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Monday, 15 March 2010

Dr. Orla Hardiman - Neurologist Beaumont Hospital.

Dr. Hardiman runs migraine clinics in Beaumont and this is her particular specialty.

Eva Farrell

More people in the world suffer from migraines than asthma, diabetes and epilepsy combined. Two thirds of the sufferers are women, mainly because women suffer from menstrual migraines. They can last up to 72 hours and the symptoms are disabling.

Eva had her first migraine in her mid twenties when she was in Australia. She was nauseous, vomiting and suffered with a headache, which at the time she thought was a tummy bug and the head pain was from dehydration.

She had to lie in a dark room for two full days. This happened to her a few times before she came home and went to the doctor, who diagnosed her symptoms as Migraine with aura, which is known as common migraine. She gets impatient, irritable, weak, her perception is skewed, she's disorientated and very sensitive to light and noise.

Dr. Orla Hardiman

What is the difference between a headache and a migraine?

A migraine is a neurological condition. Two things happen, one, there is a change or adjustment in the brain and also the blood vessels in the brain become irritated. The mixture between the two is what causes the symptoms of migraine.
A headache is tension in the head but there is no neurological abnormality.

What are the types of migraine?

70% of migraine sufferers get what is called a 'common migraine' or migraine with aura.

The Difference is in the Symptoms:

80% get Common Migraine

. Headache
. Nausea
. Vomiting
. Sensitive to light, Sound and Smell

20% get Classic Migraine: (migraine with aura)

. Vision is affected
. Pins and Needles
. Confusion
. Weakness
. Sensitive to light, sound and smell

Why do people get them?

The only risk factor that is proved is family history and genetics. If you are predisposed to migraine it will be something that you are born with.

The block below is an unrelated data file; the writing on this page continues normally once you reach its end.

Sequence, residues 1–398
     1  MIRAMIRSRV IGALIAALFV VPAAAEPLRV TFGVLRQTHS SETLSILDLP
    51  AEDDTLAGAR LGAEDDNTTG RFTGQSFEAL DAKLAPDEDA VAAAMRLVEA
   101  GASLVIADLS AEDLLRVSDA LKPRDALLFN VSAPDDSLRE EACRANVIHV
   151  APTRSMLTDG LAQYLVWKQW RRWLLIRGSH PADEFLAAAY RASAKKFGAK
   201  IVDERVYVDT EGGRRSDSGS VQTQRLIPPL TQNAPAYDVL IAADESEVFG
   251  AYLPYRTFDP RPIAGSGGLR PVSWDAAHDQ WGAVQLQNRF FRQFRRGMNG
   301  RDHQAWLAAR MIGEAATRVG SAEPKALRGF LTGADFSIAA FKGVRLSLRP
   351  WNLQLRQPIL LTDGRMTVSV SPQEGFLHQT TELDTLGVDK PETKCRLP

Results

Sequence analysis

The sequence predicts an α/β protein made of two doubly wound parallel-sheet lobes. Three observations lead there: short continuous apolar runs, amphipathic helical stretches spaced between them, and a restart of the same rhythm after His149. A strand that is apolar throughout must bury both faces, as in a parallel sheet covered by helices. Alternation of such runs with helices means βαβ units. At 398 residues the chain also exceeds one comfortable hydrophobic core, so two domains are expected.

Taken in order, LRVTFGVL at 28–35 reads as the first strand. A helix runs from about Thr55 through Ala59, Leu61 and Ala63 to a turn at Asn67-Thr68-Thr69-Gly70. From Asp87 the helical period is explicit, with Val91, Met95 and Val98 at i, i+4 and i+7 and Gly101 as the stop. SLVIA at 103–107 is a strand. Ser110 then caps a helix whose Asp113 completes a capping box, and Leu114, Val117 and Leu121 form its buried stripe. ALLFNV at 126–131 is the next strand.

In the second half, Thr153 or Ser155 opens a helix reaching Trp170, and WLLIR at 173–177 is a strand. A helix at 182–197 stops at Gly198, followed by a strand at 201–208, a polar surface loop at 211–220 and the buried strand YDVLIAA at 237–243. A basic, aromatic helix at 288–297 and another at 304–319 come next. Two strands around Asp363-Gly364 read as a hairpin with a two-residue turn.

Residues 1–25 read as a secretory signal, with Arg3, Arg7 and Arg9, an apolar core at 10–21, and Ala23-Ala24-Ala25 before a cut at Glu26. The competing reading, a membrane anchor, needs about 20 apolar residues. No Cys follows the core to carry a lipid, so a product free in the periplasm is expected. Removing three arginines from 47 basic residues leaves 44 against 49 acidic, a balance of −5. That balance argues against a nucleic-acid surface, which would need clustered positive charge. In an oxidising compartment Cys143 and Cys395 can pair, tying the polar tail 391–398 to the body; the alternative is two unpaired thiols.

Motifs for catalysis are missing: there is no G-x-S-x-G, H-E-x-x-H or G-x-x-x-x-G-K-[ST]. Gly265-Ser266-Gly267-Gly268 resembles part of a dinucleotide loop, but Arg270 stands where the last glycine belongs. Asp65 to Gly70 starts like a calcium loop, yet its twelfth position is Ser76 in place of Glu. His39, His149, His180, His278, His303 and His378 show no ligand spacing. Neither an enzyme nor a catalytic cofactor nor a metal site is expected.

Who gets it?

As previously mentioned there is a link with family history, but also with travel sickness and IBS. For someone who is susceptible to either of these conditions are also susceptible to migraine, and vice versa.


. Irregularity/change in sleep patterns
. Relaxation after a stressful period
. Hormonal changes - menopause, menstrual cycle and pregnancy

1. People tend to get an attack when their regular pattern is disrupted e.g. if you are always up at 7 and then lie on at the weekend, change in sleep pattern etc.

2. Stress followed by relaxation. This is why people who suffer from migraine will have an attack when they have a few days off work, or if they are stressed about something, they will have the migraine once the event is over.

3. Women coming up to menopause are particularly at risk of their migraines getting worse, and women find that coming up to their period they will have a migraine.

4. Pregnancy - 1/3 of women report improvement, 1/3 say it gets worse and the last 1/3 say there is no difference!

Food Triggers?

Many people will report that certain foods trigger migraine, and for each individual this may be different.

The most common triggers that are reported are red wine, dark chocolate and smelly cheeses, mainly because of the high content of chemicals in these food. However there this is a theory and not proven, so can be the cause of debate.

How to treat the symptoms?

There are two methods of treatment. One is to stop the migraine in its tracks. There are a few medications that people take, mainly Triptan. This is taken by the patient as soon as they feel the headache at the early stages of migraine. Some patients take aspirin or ibuprofen which can work for some patients, and are less expensive.

The second stage is long term treatment where the patient is given medication to take on a continuos basis for up to 12 months. They then come off the medication (as there are side effects to being on medication long term, which is why Eva gave up taking hers) and they should be in remission from suffering migraines. They are not cured but the tablets work to retrain the brain so that the risk is lower.

Can you become a migraine sufferer at any time of your life?

Generally anyone who gets migraine will have it in the first two decades of their life. People do get it during their life but if investigated it will be a separate condition to migraine but with similar symptoms, and people who may suffer from that may need to get an MRI or further investigation. It is very rare for someone over 40 to start to suffer with migraine.

New research shows that that even a small amount of light on cells at the back of the eye sends signals to the brain, intensifying victims' headaches - is this important?

Migraine sufferers and health professionals know already that they are sensitive to light, but if it is being used in treatment for the future then it is always a positive.

Prices/Stockists/Relevant Information

For more info contact the Migraine Association of Ireland

Helpline 1850 200 378